Ben Alder August 2005

Helen Rose Hill Diary

Photo: Loch Pattack. Although I am struggling through these Munros, many of them are just hills to tick without any outstanding features but one which stands out as everyone seems to have heard of is Ben Alder. It is mostly renowned for remoteness and sheer bulk. However, it is also reputed to be where Bonnie Prince Charlie?s treasure is buried. I suppose I should have taken a metal detector to sweep the mountain but it would have been extra weight to carry on the long walk and climb to it!

Ben Alder and the adjacent Munro Ben Bheoil are located on the privately owned Ben Alder Estate. In Scotland there is a right of way over private land but with certain restrictions. Often during the deer stalking and shooting season, access will be denied to certain areas but alternative routes suggested. However, we walked to these mountains in June so no restrictions applied.

Ben Alder is a big walk whichever way you do it, camping or cycling and walking. Walking from Dalwhinnie and return would be around 25 miles (40 kilometres) and about 4,000 feet of ascent, really too much for one day. Walking into Culra Bothy one day and climbing the next day is one option but we chose the cycle and walk option. We stayed in the Pottery Bunkhouse at Laggan only 15 minutes drive into Dalwhinnie and made an early start. From Dalwhinnie, we crossed the railway and started the cycle on a good private road through the Ben Alder Estate along Loch Ericht in reasonably good weather but we could see the mountains ahead in a heavy mist. The road was undulating and required us to dismount and push the bikes up the short hilly sections to save our legs for the mountain climb.

Photo: Mountain Orchid. After five miles we reached a small bridge and followed a flat track towards Culra Bothy passing Loch Pattack. At the bothy, it was tea break time by the river where many were camping out or staying in the bothy. The paths towards Ben Alder were good starting along the river and as we gained height the terrain became more rocky. There was a choice of a shorter sharper scramble or a longer route with easier scrambles. Given the severity of this walk, we opted for the easier scramble and made our way towards the summit plateau. We were now in the mist although it was warm and humid and it was difficult finding the trig point but the use of a GPS makes this much easier.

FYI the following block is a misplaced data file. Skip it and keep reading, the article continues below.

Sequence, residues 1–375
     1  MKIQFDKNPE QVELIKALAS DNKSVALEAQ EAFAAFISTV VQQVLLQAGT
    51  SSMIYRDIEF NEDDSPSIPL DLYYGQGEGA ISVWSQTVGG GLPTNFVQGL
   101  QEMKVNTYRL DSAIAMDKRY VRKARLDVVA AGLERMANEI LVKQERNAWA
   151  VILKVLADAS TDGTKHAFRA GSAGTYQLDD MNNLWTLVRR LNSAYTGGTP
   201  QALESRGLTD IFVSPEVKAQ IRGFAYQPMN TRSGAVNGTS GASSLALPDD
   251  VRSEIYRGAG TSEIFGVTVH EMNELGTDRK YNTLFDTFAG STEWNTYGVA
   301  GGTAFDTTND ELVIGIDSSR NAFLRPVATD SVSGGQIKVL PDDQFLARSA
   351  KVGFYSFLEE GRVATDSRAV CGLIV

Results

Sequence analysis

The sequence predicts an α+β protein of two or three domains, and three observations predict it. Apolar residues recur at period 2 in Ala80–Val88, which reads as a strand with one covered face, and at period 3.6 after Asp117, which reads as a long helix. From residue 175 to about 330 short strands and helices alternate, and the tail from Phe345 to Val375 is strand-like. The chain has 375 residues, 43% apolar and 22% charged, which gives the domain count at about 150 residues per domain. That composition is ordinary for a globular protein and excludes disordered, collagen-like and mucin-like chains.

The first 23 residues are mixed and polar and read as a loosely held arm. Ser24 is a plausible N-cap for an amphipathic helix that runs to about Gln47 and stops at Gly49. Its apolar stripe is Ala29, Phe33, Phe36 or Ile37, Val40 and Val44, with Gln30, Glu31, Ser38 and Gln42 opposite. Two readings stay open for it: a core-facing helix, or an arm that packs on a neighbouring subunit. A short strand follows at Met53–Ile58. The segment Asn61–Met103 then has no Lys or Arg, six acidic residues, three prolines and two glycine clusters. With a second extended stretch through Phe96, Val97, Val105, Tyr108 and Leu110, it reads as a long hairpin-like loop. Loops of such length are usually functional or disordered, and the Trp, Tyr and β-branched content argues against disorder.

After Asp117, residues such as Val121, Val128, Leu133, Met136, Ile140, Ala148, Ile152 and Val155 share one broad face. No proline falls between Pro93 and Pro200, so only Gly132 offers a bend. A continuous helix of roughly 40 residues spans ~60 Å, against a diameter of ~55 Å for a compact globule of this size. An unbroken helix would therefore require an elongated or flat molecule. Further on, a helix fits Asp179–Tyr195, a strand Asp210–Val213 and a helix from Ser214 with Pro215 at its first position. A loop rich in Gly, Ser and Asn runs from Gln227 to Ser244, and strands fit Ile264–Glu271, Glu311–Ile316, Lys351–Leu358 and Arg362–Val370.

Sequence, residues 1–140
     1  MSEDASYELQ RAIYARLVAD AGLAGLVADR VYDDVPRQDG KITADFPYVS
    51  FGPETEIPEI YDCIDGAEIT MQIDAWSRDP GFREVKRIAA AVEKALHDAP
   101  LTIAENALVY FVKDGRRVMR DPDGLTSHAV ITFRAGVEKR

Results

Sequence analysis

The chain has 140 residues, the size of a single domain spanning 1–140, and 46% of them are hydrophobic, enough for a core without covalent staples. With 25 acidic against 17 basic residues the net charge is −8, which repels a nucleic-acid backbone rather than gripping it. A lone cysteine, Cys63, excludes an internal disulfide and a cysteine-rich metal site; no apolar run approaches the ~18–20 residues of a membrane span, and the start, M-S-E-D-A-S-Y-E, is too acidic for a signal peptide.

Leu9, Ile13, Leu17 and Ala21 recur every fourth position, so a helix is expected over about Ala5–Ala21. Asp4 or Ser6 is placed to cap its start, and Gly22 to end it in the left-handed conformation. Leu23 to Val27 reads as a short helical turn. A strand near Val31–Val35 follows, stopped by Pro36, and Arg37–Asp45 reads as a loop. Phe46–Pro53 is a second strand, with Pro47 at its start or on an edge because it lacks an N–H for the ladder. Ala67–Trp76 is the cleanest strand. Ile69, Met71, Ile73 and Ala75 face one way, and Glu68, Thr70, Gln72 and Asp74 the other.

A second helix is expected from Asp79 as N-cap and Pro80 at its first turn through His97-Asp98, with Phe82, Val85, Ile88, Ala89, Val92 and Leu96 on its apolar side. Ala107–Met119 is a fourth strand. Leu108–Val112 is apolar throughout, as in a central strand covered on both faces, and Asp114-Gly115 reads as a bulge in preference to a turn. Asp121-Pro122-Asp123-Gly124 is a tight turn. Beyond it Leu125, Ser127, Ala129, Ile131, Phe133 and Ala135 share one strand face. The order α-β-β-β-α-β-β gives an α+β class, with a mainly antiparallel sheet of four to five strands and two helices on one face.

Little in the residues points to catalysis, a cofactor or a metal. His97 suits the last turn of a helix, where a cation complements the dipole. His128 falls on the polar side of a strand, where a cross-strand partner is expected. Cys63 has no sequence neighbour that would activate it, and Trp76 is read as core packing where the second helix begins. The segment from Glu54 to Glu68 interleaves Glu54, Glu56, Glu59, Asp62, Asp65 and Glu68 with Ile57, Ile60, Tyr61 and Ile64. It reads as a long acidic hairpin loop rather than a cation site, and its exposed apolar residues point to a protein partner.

After lunch without any views inside a cloud, we descended to the col for the climb to Ben Bheoil but this was tricky navigation without any paths. As usual, Tom and Stephen were excellent on the navigation and we reached the top. By this time the mist had cleared and we had good views all around although the top of Ben Alder remained in a mist all day. I have seen it previously from other mountains around the area.

Photo: Ben Alder Mist.The descent was down through the corrie back to the river to pick up the path to Culra Bothy where the horses were hanging around looking for food. These horses are used for carrying down the deer in the stalking season so were effectively on holiday!

It was a long cycle ride round back to Dalwhinnie and we reached the bunkhouse at 10pm, a long day but an achievement as a mountain I had always wanted to climb. Noreen?s Irish Stew that she had prepared and brought with her was eagerly eaten and appreciated by us.

Although this is supposed to be a very remote mountain, it was very busy with walkers as it is so popular so I did not get the feeling of remoteness. By contrast, the following day we climbed the very accessible Ben Teallach in ?Monarch of the Glen? country which is at the road but we did not meet any other walkers making it feel more remote!

Photo: Culra Bothy. I was impressed by the investment and management of the Ben Alder estate which is well maintained and good paths and tracks provided.

Coming attractions; Arran again, Cairngorms and Glen Affric again.

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Thanks to Frances Rickus for the photos

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